The Derek Trucks Band: Maybe This Time


Maybe This Time


The Derek Trucks Band


Already Free (Victor 32781)

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Derek Trucks (guitar),

Doyle Bramhall II (lead and background vocals), Kofi Burbridge (Hammond B-3, clavinet), Eric Krasno (guitar), Ted Pecchio (bass), Tyler Greenwell (drums)


Composed by Derek Trucks and Doyle Bramhall II


Recorded: Jacksonville, Florida; no date given (CD released in 2009)


Rating: 93/100 (learn more)

Now that Derek Trucks has recorded with McCoy Tyner, maybe jazz fans will start paying attention to this exceptional artist. His previous CD, Songlines (2006), has been a frequent friend to my CD player, and this follow-up, Already Free (2009), maintains the same high standards. It's hard to pick the best track on this CD, but "Maybe This Time" is a contender. You may want to pigeonhole this guitarist as a blues or rock act, but if you listen to Trucks's solo on this track you might be reminded of a sitar player or a kora-equipped griot. What you won't find here are stale blues licks. In short, haughty jazz cats could learn a thing or two about improvising from Mr. Trucks. And the rhythm section is happening . . . and I mean Steely Dan-level happening. The jazz purity police may want to stop you from listening to Derek's music, but in this instance civil disobedience is highly recommended.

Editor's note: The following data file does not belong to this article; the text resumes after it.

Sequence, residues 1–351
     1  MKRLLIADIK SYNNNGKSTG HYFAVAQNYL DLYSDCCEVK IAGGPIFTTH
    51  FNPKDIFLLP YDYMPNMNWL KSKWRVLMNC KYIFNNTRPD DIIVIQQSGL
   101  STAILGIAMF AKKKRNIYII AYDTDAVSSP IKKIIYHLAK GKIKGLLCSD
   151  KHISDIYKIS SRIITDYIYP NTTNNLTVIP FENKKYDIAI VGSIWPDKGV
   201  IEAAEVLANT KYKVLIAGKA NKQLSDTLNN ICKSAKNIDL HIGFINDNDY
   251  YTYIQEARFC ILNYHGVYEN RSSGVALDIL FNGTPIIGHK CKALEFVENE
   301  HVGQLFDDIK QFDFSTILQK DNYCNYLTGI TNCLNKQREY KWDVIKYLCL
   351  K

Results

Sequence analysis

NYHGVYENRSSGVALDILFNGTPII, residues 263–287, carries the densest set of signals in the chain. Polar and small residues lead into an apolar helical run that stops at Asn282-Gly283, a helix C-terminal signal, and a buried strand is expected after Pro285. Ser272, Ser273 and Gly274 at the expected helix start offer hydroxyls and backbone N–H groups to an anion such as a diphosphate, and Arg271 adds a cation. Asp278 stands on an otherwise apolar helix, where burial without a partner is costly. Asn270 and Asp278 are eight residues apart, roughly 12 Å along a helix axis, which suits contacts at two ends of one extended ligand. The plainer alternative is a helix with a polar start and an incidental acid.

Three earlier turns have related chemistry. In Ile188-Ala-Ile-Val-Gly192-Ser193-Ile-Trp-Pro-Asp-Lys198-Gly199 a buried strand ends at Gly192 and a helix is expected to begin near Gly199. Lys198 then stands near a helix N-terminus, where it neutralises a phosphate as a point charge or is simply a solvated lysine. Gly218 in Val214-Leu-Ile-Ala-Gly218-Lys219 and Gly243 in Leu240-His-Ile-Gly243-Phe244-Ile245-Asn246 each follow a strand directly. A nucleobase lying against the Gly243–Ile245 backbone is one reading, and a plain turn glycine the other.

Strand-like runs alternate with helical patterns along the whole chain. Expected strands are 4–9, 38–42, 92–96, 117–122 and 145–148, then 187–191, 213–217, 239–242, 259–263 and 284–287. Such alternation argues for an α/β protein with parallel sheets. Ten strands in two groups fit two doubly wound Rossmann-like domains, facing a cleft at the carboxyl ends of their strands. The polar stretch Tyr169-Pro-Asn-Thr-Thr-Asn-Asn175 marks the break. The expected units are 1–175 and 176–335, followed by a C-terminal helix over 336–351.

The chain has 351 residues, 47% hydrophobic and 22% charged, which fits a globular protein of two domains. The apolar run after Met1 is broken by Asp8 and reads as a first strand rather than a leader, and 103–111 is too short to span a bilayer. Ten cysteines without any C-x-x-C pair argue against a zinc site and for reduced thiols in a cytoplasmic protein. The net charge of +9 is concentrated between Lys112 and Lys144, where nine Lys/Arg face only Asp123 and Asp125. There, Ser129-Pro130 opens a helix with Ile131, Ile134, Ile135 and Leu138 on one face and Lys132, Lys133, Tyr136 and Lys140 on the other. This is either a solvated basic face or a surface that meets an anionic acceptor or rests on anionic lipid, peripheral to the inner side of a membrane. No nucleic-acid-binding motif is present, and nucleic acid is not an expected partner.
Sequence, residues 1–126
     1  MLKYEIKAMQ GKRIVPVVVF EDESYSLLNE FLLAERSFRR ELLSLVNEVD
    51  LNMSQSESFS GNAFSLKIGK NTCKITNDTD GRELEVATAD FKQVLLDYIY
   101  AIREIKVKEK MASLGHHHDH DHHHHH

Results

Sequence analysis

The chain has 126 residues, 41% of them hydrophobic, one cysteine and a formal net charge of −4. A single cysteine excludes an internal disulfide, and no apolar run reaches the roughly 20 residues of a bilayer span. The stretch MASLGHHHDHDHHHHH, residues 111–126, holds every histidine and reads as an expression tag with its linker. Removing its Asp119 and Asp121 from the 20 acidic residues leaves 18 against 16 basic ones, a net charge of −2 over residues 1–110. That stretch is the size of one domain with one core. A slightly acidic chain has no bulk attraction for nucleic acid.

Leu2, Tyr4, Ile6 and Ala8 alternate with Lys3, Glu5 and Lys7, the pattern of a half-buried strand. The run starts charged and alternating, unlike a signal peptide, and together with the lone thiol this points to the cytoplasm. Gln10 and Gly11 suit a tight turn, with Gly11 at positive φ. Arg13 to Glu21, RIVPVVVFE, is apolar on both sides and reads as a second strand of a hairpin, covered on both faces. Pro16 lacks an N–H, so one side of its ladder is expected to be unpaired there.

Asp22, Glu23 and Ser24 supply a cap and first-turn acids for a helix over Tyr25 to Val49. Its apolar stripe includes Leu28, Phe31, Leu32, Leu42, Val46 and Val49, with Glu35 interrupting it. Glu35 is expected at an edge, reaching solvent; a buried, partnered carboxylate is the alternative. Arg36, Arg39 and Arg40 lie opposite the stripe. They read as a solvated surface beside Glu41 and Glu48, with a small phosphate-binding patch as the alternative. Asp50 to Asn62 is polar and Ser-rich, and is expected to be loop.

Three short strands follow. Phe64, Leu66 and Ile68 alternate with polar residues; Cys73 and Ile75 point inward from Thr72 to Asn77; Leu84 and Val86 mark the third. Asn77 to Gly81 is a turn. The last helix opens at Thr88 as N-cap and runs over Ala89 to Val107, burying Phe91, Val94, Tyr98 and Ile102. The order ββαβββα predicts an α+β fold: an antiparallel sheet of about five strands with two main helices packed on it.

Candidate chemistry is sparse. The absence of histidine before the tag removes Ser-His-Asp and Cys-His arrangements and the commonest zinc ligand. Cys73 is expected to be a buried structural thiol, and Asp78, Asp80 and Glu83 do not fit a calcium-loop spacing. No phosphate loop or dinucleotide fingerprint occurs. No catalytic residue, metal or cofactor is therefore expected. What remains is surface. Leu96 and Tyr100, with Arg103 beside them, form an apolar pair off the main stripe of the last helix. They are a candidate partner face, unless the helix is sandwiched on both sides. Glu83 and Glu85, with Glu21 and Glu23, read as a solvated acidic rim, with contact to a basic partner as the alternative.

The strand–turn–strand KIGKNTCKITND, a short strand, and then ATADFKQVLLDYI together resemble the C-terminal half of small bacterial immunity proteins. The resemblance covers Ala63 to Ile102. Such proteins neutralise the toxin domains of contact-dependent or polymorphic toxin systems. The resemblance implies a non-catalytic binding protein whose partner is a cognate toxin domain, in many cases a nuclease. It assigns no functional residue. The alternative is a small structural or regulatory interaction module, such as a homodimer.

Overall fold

Reviewer: Ted Gioia


  • 1 LJ // Mar 19, 2009 at 10:30 PM
    Agreed--Derek is already a major talent and we hope he has miles to go before the sun sets on his career. One important fact to realize is the access Derek has. His melodic sense and intense technique attract many and he moves through diverse styles with ease; taken together, these facts equate to a broader audience. What jazz purists (strawman?) should recognize is the education Derek Trucks is providing his listeners; this translates into good news for all the genres in which he traffics. We rarely have a musician of talent and versatility in such a central position as Trucks is in. Look for him to go down as one of the most important instrumentalists in American music history. Consider the range he's got and then ask yourself if any of the so-called guitar greats (Page, Clapton, Hendrix, Vaughan--all great, no doubt) can play in as many genres and as well. I'd wager there aren't too many musicians who can. Listen to him and be prepared to be amazed. We are lucky to be a witness to his career.